Rod and his cousin take family rivalry to a new level in this rollicking comedy from Jeff Strand.
Rod’s life is pretty awesome. He plays in a punk rock band that’s starting to score gigs and has a great girlfriend. Then he learns that his rich cousin, Blake, will be staying with him for three months—moving into his room, moving in on his girlfriend and band, and basically ruining his life! Prankster Blake has his own ideas on how Rod should live, but his efforts to get Rod girls and bring people to the band’s shows are the opposite of helpful. Between Blake’s ridiculous pranks and Rod’s increasing paranoia, this semester might be the cousins’ most memorable yet. That is, if their hijinks don’t kill them first.
GOODREADS // AMAZON // B&N // GIVEAWAY (April 3-30)
I received a copy of this book from Sourcebooks Fire in exchange for an honest review.
How You Ruined My Life by Jeff Strand successfully made me dislike the villain of the story, cousin Blake.
The entire plot is based around a trouble-filled relationship between Rodney, the main character, and his cousin Blake who comes to visit for three months while his rich parents are off on a cruise. Blake notoriously manages to completely ruin Rodney’s life in less than three months. Honestly, I got so captured up in the chaos of it all that I lost track of the timeline. While I flew through the book powered merely by my dislike of Blake, I found some of the events unrealistic in their scale and impact. The ending of the book, and much of the conflict’s resolution, felt too underwhelming in comparison to the rest of the story as well.
I grew attached to the characters quickly, however, and I discovered myself falling on one character’s side versus the other. (The entire book is a giant fight, so how could I not choose a side?) I usually ended up on Rod’s side due to just how crazy Blake became, but then I found myself asking if I was going crazy alongside Rod. This mainly happened because the story is told in second person POV, which I had only seen before in one other book series. I am still unsure if I enjoy this way of storytelling or not.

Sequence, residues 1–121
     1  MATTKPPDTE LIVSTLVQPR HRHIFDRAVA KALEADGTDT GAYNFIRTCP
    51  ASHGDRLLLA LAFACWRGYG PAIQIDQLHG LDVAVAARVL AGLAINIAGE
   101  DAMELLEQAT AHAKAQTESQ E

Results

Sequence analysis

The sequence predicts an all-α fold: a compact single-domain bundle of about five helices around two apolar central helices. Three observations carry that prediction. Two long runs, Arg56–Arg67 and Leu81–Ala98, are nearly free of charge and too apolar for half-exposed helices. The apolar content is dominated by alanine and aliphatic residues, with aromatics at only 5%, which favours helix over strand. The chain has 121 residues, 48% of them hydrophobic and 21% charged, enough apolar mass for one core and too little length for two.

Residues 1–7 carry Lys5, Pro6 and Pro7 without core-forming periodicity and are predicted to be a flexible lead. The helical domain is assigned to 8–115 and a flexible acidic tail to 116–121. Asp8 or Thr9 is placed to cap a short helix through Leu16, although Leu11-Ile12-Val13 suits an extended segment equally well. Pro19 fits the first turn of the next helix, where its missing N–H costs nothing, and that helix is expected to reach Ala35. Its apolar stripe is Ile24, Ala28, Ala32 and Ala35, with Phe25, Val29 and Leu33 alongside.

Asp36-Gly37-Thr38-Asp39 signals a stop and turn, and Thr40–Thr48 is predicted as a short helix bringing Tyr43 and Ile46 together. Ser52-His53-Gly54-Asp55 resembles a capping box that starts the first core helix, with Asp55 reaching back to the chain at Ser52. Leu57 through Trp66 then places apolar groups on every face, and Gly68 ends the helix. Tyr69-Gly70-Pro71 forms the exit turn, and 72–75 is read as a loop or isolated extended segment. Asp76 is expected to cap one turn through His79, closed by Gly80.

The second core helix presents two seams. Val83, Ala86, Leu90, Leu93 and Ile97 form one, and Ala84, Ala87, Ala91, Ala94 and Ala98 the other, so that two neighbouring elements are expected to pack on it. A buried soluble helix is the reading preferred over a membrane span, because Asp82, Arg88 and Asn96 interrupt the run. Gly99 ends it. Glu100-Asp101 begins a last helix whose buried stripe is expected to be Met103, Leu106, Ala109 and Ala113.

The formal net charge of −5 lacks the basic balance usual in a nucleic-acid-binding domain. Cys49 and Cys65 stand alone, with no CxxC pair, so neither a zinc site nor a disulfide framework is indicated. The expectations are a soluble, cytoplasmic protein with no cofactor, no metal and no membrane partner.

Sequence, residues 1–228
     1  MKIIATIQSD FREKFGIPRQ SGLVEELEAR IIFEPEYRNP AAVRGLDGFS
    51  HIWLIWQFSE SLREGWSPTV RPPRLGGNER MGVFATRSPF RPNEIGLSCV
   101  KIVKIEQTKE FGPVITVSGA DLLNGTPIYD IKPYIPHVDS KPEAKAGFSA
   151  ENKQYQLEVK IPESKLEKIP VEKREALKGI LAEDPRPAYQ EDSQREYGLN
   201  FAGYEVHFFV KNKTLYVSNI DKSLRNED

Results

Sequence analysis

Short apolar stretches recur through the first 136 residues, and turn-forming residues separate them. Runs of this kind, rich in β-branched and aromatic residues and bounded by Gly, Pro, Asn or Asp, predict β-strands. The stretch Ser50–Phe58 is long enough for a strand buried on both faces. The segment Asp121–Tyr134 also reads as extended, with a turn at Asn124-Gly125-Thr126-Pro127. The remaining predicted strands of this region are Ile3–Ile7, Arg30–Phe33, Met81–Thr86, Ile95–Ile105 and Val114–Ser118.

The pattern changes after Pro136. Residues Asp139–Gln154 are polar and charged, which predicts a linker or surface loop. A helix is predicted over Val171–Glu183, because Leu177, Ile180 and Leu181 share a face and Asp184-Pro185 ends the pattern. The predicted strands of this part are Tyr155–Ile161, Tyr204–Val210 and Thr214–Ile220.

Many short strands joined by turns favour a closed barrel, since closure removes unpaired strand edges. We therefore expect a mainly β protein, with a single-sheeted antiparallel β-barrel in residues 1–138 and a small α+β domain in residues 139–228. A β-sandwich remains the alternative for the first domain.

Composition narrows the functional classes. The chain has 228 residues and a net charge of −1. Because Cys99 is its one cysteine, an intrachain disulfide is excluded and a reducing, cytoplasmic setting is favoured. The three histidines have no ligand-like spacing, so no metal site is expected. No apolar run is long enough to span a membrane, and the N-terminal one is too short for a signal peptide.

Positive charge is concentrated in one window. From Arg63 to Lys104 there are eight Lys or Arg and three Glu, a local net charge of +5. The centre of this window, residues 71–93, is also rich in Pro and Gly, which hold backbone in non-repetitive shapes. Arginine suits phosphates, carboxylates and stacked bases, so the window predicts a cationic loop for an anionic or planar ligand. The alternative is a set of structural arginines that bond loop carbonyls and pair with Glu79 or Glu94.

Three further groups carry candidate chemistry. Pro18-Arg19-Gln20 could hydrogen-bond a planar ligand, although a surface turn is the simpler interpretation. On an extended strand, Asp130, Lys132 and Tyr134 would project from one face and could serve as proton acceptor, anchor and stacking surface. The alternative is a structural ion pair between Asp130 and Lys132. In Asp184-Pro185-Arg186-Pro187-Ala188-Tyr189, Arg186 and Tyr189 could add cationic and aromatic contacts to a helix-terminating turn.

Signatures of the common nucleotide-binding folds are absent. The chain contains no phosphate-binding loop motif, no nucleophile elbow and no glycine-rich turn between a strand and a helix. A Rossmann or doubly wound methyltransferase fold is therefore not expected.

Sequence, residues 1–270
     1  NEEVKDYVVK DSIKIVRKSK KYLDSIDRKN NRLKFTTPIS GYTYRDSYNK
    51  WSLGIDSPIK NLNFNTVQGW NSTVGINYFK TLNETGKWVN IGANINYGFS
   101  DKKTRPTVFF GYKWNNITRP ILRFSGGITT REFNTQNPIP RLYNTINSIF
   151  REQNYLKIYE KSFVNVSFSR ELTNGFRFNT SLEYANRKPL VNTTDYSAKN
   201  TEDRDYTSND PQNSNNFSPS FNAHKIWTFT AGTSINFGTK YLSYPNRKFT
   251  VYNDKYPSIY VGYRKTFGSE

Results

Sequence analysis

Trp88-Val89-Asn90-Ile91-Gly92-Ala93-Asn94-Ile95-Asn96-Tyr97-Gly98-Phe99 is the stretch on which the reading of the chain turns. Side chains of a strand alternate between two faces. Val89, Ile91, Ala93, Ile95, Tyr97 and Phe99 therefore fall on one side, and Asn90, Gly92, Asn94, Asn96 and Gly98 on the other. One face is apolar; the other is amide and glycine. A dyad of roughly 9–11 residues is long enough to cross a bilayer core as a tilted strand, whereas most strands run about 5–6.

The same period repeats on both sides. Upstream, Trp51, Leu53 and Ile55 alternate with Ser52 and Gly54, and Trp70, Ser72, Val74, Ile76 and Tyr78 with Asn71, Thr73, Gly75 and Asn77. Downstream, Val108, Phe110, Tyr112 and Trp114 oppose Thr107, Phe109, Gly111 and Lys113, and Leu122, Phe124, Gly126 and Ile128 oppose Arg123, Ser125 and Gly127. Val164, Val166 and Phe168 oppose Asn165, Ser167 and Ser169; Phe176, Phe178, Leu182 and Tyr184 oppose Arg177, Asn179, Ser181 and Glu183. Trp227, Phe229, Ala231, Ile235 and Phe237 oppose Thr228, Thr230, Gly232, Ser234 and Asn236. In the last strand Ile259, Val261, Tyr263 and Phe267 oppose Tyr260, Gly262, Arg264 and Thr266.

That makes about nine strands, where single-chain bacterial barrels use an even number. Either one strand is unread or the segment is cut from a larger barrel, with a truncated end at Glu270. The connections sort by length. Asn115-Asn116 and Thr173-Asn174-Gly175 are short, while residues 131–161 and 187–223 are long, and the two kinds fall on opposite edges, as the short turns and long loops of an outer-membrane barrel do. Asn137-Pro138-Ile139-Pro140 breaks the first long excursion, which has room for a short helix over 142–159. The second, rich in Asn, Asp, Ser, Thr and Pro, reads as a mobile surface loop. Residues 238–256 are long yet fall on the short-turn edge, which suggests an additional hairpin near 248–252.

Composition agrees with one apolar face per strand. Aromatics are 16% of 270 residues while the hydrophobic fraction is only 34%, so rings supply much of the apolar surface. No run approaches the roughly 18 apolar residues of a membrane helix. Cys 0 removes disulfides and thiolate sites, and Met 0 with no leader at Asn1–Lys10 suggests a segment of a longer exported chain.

Overall, I would recommend How You Ruined My Life for a comedic read or for pre-teen or early teen readers.
“How was your gig?” Mom asks, walking into the kitchen.
“Great! Every show gets a little better.”
“I was going to do that for you,” she says, pointing to the sandwich I’m making.
“I know.” Mom works two jobs, both of which suck, so I’m always happy to make my own lunch. Plus I’m very specific about the spread of my peanut butter. It should be as close to the edge of the bread as possible without spilling over, and the thickness should be consistent. Generally, I’m a pretty casual guy, but not when it comes to peanut butter application. We all have our quirks.
“I’ve got news,” she says.
“Dad got out of prison?”
Dad isn’t really in prison. He left us two years ago. We joke about him being in prison as a coping mechanism.
“I’m finally going to get a baby sister?”
“Ha. You wish.”
“You got a raise?”
Mom shakes her head. “I did get a five-dollar tip on an eighteen-dollar meal though. That was nice.”
“Wild panthers have run amok in our neighborhood, gobbling up people left and right?”
“Maybe you should stop guessing.”
“Maybe I should. So is this good news or bad news?” I ask.
I set down the butter knife. “That doesn’t sound like a good ‘well…’”